Sunday, 4 May 2014

Why I can't do a serious job

In my experience of working, I've noticed two distinct types of job. The one where you have to be serious and the one where you can be yourself.

Owing to the inescapable fact that I'm apparently one of those 'kooky people', I am inclined towards the latter job type. Motherhood is a great example of this, as you child demands you, you do it best when you are yourself. 

My favourite, most beautiful, unserious employer

Sadly mothering doesn't pay the rent, and serious jobs do, albeit requiring you to be a better, more efficient, compliant, driven, customer focused person than you really are.

But part of me really does want the thrill of climbing a ladder, the security of a pension and an easier time when filling out forms (credit card applications, etc). I sometimes catch this part of me applying for serious jobs. I even ended up with one.

The architects firm where I currently work is a prime example of a job where I (and the others who work there) must pretend to be professional at all times and appear to be genuinely concerned about the welfare of the company and clients, at the expense of my own health and sanity. The part of me that wants a serious job such as this was recently overturned by the bigger part of me, who came to the logical conclusion of 'screw this'. And so I decided to leave.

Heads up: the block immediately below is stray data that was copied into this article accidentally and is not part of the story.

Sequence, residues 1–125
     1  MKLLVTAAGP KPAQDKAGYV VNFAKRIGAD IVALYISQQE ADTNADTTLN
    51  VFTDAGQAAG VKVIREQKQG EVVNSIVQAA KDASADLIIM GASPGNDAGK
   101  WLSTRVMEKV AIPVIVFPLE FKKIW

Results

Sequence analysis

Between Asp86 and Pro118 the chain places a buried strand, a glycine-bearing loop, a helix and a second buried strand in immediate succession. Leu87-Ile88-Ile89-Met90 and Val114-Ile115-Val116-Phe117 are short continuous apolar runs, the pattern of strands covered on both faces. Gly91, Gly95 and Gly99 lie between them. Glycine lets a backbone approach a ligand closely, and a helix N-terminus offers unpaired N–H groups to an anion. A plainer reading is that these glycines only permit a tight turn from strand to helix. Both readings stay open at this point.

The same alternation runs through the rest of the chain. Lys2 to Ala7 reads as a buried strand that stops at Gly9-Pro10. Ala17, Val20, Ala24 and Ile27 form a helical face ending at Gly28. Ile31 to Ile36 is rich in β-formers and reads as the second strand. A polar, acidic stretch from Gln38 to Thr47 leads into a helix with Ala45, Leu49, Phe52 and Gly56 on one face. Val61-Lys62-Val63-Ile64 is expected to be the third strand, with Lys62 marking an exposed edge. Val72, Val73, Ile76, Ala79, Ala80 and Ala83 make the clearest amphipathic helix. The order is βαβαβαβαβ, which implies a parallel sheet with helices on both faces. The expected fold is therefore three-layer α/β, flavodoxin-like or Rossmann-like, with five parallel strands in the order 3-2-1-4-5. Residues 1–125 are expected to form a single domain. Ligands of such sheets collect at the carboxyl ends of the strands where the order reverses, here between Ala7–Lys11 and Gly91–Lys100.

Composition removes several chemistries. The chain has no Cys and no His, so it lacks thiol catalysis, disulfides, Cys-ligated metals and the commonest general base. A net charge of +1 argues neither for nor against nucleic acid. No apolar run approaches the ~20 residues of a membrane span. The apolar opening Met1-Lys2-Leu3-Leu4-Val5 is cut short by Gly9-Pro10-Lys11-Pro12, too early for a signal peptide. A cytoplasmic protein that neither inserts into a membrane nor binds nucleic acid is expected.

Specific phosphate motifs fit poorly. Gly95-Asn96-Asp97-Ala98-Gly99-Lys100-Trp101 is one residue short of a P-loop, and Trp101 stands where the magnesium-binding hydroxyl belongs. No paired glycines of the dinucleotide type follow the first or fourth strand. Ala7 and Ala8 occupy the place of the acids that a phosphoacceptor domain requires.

I also decided, sick from all the unrealistic person specs I've been reading, to write a job specification. If a job wants me, this is the criteria it must adhere to:

- I can stay home and look after Boo if she's ill without feeling guilty
- I can take a lunch break without feeling guilty
- Not stressful
- Not commuting into central London
- Maximum 4 days per week
- Overtime is paid
- Worth doing (ie not pointless/destructive to the planet)
- Co-workers & directors are nice, down to earth people
- Casual dress code

It is completely ridiculous that to get by in life and not face total destitution, we as humans must repackage ourselves and often go against the things we are good at, giving up a large portion of our time on the planet to the whim of someone else, often for a cause that is unnecessary. You might say, "well tough this is the way things are, you're lucky to even have a job". I don't believe we should settle for things when we know we can do better. Society can do better than offer crappy minimum wage toilet scrubbing jobs to people who are capable of much more, but simply unable to find something else. Lucky are those who genuinely enjoy their jobs and find meaning in them.

My ideal summer outfit for work (coconut optional).